PSNI use flower power to fight crime in Londonderry
Flowers and plants are being used to fight crime by police in Londonderry.
Officers have teamed up with gardeners in the city, to promote the benefits of climbing roses and prickly hedges in defending homeowners against burglars.
Green-fingered householders were given PSNI security tips on how to fend off light-fingered thieves at the event in Clooney community centre on Thursday.
"We would class it as defensive planting," said Kenny McHugh, from the PSNI's crime prevention branch.
'High thorn content'
"It gives the residents, the local community, the tools to protect their own homes using flower power," he added.
"You go around housing estates and residential developments and you see a lot of fencing and blank walls.
"What we are trying to encourage, through the police service, is actually using plants such as climbing roses, barbarous plants that have a high thorn content, so you can actually protect your property."
So, have plants been recruited as the PSNI's new special branch due to a growth in the rate of break-ins?
"No, quite the contrary actually," said Mr McHugh.
"Crime figures across Northern Ireland, certainly in domestic burglary in a lot of areas is coming down, and certainly in the Waterside also.
"As members of police staff it's not just about detecting crime its about preventing crime, and as a crime prevention officer, that's what we're employed to do."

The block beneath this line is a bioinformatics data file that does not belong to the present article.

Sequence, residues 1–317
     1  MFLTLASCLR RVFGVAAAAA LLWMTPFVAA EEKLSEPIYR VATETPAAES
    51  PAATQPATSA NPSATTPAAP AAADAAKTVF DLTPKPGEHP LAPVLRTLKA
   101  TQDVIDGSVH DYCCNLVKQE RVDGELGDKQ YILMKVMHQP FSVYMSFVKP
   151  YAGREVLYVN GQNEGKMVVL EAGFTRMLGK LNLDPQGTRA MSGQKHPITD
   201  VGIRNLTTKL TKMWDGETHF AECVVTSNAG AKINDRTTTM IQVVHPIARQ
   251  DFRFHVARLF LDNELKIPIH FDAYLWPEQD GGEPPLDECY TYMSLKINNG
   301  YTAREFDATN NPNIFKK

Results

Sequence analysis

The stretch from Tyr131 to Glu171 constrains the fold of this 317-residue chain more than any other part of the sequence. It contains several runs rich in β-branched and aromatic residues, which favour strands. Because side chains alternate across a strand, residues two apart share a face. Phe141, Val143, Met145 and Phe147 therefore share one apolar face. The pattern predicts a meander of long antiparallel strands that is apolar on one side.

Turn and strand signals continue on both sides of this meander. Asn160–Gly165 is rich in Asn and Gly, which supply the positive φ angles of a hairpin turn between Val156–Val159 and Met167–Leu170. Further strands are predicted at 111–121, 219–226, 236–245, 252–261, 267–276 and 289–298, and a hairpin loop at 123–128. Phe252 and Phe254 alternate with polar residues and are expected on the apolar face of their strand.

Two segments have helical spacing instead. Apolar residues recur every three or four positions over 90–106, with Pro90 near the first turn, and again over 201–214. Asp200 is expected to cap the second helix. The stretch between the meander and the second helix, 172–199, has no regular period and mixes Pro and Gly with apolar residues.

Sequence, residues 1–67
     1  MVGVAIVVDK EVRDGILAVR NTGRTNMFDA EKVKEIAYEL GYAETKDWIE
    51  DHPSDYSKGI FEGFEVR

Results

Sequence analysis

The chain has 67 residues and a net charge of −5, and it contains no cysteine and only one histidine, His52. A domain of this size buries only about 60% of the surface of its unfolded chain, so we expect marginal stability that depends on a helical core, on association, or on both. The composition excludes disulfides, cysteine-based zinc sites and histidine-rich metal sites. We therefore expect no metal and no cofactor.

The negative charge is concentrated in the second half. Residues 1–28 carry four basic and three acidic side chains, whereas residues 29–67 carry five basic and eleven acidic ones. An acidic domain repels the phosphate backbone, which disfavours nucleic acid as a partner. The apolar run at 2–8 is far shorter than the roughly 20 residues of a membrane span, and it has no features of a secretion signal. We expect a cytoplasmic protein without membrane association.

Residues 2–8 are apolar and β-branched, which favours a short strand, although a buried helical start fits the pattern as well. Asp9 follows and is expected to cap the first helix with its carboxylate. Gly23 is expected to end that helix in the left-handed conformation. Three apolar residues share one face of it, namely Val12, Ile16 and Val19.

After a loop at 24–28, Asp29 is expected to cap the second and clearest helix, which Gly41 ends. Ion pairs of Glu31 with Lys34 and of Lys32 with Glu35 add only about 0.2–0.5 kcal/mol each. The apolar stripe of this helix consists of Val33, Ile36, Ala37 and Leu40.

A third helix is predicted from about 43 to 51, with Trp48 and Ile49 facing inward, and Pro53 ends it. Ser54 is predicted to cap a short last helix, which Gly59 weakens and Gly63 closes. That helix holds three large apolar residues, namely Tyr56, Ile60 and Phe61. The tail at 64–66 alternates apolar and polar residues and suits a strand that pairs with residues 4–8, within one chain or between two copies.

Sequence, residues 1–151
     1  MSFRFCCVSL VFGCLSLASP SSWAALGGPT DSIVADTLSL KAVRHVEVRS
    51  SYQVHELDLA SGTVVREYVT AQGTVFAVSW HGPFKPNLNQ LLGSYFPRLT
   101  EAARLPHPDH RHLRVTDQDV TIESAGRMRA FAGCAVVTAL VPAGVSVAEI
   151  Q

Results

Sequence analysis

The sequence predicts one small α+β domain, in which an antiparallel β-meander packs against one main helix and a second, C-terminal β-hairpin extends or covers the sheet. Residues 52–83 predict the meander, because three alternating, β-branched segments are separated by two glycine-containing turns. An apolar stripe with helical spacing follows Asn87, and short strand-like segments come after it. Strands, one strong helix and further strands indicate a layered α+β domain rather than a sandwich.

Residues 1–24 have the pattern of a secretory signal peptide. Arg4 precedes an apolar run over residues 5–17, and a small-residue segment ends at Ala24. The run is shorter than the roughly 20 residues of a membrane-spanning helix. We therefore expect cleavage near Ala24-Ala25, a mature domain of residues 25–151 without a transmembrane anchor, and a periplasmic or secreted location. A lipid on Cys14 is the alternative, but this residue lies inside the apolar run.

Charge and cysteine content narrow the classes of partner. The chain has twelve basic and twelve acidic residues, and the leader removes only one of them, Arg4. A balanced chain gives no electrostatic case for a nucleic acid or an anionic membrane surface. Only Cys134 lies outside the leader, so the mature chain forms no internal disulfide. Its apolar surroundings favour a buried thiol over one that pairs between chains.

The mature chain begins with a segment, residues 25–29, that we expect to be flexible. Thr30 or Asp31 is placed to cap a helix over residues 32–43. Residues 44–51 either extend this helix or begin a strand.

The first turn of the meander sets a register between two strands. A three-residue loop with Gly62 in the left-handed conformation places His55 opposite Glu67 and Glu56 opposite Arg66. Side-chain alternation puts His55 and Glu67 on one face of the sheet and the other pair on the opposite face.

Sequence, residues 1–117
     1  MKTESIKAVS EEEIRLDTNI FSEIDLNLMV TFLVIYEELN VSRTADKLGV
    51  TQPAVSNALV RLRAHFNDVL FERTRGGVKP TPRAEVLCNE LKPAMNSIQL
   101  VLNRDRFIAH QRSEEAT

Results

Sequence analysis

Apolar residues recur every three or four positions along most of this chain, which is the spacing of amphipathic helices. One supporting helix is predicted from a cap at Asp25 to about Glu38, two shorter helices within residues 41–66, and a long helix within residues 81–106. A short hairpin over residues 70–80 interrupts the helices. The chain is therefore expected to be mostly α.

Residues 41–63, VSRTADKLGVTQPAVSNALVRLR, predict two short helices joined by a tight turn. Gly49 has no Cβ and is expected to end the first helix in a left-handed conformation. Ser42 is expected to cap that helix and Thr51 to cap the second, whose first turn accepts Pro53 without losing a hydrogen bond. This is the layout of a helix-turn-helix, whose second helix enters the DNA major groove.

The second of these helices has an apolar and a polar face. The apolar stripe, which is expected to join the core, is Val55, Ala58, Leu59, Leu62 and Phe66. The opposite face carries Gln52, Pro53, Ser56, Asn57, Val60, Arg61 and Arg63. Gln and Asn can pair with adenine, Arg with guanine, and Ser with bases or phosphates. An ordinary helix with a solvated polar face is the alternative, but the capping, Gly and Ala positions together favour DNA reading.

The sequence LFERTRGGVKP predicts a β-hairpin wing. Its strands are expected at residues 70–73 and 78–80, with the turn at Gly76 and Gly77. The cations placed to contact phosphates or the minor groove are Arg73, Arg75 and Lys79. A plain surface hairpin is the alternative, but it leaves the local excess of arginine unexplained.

The event was also used launch a new PSNI public information leaflet on defensive planting, which gives practical gardening tips on "nature's way to beat the burglar".
"With careful thought and planning you can reduce the risk of becoming a victim of garden crime, whilst at the same time, creating an attractive garden," the leaflet says.
It addresses the thorny issue of vigilante vegetation and gives a warning to all that hedges can fight back.
"Criminals do not like climbing through prickly plants and hedges. They know that a small item of ripped clothing or blood can help the police identity them," the leaflet states.
It also lists some of the best plants to deter intruders, and includes a "spike rating" for each.
It advises homeowners that they can create "an impenetrable hedge".
Other tips include placing gravel underneath windows and doors, because "thieves don't like to be heard".
"Crunchy gravel on the approach to the house, which gives away their presence is ideal."
It suggests that homeowners use a "DNA type liquid property marking system" to protect their garden furniture from theft, and reminds them to lock up outhouses and sheds
Mr McHugh said: "When you look at the value of property that's actually stored in your shed, on average you're taking about £1,200 up to £1,500. That's very attractive to a burglar."